The Ninotchka Hat Blog

Adrian Among the Ordinaries!
December 8, 2010, 6:29 am
Filed under: Uncategorized

A lovely book arrived at my house last week. I was called “Adrian: Silver Screen to Custom Label” by Christian Esquivin. It’s one of those magnificent, glossy books, resplendent with pictures — though unfortunately only black and white. I would have paid an extra $20 if they had only been in colour. Gilbert Adrian was born Adrian Greenburg in 1903. His parents owned a millinery shop. He studied art and then segued into fashion design. Eventually, he became a designer for several important stars in the 20s and later he was hired as chief costume designer for MGM. He later left MGM and started his own label in 1941 which he continued until he was forced to give it up due to ill health in the 50s. He died in 1959.

The book highlights the work he did with famous stars like Garbo (punctual), Joan Crawford (fidgety) and Norma Shearer (tardy), but it also points out that Adrian was also responsible for nearly all the women’s clothes seen in the films for which he receives credit. Maids and minor character were still usually costumed by Adrian. He didn’t farm out designing to lackeys either. Adrian was hardworking and prolific. Costumes by Adrian actually meant costumes by Adrian. So there are a lot of elaborate and expensive gowns in the Adrian repertory (such as his costumes for Garbo in Mati Hari or Camille) but also a great number of plain or simple ensembles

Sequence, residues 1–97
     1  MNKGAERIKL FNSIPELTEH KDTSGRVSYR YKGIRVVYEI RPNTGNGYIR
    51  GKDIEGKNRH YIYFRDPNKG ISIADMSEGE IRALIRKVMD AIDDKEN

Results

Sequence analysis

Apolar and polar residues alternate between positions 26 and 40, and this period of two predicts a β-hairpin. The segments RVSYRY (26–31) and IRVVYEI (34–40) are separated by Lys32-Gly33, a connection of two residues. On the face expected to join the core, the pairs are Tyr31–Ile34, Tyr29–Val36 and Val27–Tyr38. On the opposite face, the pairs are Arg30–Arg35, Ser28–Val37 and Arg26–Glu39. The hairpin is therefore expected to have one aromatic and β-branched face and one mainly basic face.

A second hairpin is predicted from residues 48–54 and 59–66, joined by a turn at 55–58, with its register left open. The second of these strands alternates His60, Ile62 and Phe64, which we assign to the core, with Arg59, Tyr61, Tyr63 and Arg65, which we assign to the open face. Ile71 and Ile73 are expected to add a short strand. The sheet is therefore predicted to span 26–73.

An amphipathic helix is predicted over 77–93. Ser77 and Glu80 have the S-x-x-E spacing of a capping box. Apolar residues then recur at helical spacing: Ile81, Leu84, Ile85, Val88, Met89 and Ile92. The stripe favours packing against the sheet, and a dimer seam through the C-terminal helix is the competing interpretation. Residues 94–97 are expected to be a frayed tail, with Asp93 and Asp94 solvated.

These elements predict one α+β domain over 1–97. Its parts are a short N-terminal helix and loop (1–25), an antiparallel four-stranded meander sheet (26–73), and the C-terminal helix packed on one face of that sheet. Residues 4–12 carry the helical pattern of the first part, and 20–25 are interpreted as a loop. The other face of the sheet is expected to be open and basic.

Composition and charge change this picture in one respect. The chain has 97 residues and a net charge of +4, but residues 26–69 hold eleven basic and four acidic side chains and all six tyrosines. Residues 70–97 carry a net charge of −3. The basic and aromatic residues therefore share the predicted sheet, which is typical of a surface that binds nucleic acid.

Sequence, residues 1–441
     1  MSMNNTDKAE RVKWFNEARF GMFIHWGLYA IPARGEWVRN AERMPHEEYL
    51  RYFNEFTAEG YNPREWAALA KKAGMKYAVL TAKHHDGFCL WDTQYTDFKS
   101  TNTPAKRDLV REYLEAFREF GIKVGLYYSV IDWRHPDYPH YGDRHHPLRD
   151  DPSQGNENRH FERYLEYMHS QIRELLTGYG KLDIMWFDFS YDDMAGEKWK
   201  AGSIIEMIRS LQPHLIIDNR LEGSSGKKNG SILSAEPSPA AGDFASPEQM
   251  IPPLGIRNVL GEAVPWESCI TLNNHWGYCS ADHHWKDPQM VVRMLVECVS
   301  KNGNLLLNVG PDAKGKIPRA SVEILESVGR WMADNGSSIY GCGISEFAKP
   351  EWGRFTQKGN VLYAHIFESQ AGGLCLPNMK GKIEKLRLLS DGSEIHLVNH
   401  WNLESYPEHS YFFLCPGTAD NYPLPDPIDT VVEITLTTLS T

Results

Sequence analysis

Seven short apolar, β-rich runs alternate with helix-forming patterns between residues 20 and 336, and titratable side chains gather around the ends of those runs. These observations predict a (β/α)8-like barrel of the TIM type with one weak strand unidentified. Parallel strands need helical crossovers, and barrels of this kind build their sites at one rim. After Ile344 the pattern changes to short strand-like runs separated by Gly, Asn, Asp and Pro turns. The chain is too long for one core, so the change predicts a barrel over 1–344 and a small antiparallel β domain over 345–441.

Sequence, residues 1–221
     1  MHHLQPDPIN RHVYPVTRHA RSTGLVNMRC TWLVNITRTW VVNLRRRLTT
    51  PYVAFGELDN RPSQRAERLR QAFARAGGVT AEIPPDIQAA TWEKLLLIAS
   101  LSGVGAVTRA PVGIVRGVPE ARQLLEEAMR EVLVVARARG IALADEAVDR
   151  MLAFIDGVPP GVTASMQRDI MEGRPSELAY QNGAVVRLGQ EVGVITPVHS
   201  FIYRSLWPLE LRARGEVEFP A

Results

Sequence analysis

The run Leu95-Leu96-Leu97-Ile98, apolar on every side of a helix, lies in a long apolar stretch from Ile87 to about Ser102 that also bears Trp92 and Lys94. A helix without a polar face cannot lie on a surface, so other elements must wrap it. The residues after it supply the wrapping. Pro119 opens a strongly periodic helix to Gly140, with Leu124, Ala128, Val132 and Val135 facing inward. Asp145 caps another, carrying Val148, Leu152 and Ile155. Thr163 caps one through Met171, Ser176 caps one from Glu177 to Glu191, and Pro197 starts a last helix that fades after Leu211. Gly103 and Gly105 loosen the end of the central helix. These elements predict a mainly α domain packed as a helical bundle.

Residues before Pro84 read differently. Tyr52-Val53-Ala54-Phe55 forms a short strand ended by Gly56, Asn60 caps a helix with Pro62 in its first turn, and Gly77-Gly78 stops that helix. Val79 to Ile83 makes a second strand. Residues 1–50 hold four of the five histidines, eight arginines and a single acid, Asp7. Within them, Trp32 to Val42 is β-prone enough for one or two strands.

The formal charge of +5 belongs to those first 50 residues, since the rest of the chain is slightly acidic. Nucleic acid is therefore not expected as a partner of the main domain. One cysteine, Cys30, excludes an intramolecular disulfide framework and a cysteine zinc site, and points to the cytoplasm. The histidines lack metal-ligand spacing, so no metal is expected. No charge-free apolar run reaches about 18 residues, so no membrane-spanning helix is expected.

Costumed by Adrian

For instance, I was watching a Hitchcock film called “Shadow of a Doubt” from 1943 starring Joseph Cotten and Theresa Wright. It too was costumed by Adrian. Not much glitz and glamour. It’s the story of a teenaged girl living in a sleepy suburban town in California who suspects that her beloved Uncle Charlie is a serial killer. It’s in a small film like this where you really get to see real costume design with clothes that are designed not to amaze but to accent character. The film takes the main character, Charlie, like her uncle but short for Charlotte, an intelligent and perceptive, though thoroughly bourgeois young girl. It witnesses her growing maturity and understanding until she become a dangerous and worthy foil to her stylish and worldly uncle. Near the beginning of the film, Charlie is wearing a demure white dress, still with Adrian’s distinctive wide shoulders and the detailing around the collar (Adrian liked to keep an outfit’s points of interest close to the actress’ face). Then she is seen in a more womanly and mannishly styled short sleeve dress with a severe turndown collar and a demi-loon yoke. Finally she wears a severely tailored suit with very square shoulders, with Adrian’s distinctive flap pocket detailing. Charlie almost looks like a completely different person, and certainly she looks like she’s aged a decade. All this is achieved through the use of character and plot appropriate costuming

Demure in white

Feeling Threatened

Masculine Tailoring


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